I reminded myself that I didn’t care about being fluent—I accepted myself, I was enlightened in the way a good stutterer is supposed to be—but I was also a teenager in a foreign place looking for connection. All the self-acceptance and enlightenment in the world did little to protect me from the sting of derision. I must have been in the bathroom a while; my roommate eventually came looking for me. I can’t remember what we said to each other. I only remember a long, silent walk back to our dorm.
In the collegiate years that followed, and now as I navigate the postgrad world, an invitation to drinks has become my primary mode of forging friendship. At dark and crowded bars, otherwise kind and thoughtful peers make offhand comments that turn my skin cold. They tell stories about the time they “stuttered like an idiot” around a crush; to emphasize a point, they append it with, “Did I stutter?”; if I slip up in a moment of disfluency, they joke about how gone I clearly am or mimick the disfluency back to me—“W-w-what was that?”
In recent years, I’ve started to intervene more, with a casual “hey, this is how I talk,” and a brief explainer. But as an undergrad, I chronically laughed off these kinds of remarks and changed the subject. My drink partners’ intentions were not malicious, and I didn’t want to come off humorless. All stutterers know this compromise: We have what writer Durga Chew-Bose calls a “long-harvested ability to recoup, ignore, smile, move on.”
I’m a few blocks away from my friend’s place now. The breeze has turned to a blustering wind, and I reconsider my projected outcomes. If tonight I stutter blatantly, I’ll inevitably become a representative for all people who stutter. If I’m personable and likable enough, perhaps I can penetrate their prejudices, shatter their notions of who a stutterer can be. Righteously I think, I’ll prove our humanity! Send people home with changed hearts and minds!
Passing P.S. 305, I think of Miah, a covert member of my stuttering support group and a former elementary school teacher. She’d told us during a recent meeting about a set of parents who mentioned to her that their daughter struggled with stuttering. Miah had no idea.
“If I had been more open about my stutter, if I had stuttered more overtly,” she asked us, suppressing tears, “what could that have meant to her? What could that have done for her?”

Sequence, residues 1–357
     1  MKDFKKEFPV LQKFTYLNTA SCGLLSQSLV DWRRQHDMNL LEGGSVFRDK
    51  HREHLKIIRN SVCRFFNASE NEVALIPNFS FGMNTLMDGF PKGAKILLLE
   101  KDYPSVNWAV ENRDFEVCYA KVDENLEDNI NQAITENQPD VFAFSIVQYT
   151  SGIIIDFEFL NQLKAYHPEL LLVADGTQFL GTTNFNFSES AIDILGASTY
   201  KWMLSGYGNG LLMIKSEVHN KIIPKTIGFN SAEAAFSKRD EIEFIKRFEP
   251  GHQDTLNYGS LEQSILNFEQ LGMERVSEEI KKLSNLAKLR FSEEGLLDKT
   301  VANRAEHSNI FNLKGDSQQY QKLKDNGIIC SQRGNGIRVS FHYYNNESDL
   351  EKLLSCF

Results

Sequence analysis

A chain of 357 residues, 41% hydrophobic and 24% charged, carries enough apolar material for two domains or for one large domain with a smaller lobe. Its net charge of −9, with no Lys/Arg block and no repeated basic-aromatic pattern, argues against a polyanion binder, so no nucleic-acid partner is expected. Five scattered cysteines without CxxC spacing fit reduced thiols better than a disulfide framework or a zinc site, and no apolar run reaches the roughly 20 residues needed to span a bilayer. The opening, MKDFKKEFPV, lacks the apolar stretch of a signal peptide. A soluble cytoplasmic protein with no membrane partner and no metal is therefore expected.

“I feel guilty for passing,” another covert stutterer said. “I don’t want to betray stutterers. I don’t want to feel like I’m embarrassed of my stutter.”
“Take shame out of the equation,” I told her. “If you gotta pass, pass. If you’re gonna stutter, stutter. But shame has no place in either decision.”
It sounded so easy when I said it. It feels much harder right now, weighing my odds and predicting the results. Of course, when I’m among other people who stutter, the mental probability tree never takes root. I can speak freely; there are fewer decisions to make. I can save all this energy that I’ve just expended en route to a silly dinner party.
But because stutterers comprise just one percent of the adult population , I will almost always be the only person who stutters in any room I enter. The central task of a disabled person’s life, as author Wilfrid Sheed writes, is to “make the world, and ourselves, forget for as long and as often as possible that there has ever been anything wrong with us.” Passing can allow me to control my status among others, to decide how much power to cede in any given interaction. It’s negotiation, diplomacy, a preemptive measure.
My destination is in sight now, a crowded dining room illuminated through a large window. I will be the only stutterer there. Is that all I want to be? All I have to be? Either way, it’s what I am.
I knock on the door, and an unfamiliar face answers. They ask my name, and I tell them, surprised by the fluency with which I do. Maybe my calculations were wrong. Maybe this is a one-off. I’m exhausted by my own analysis. I go inside and take a seat with the rest of the party guests. I watch them, just talking, effortless.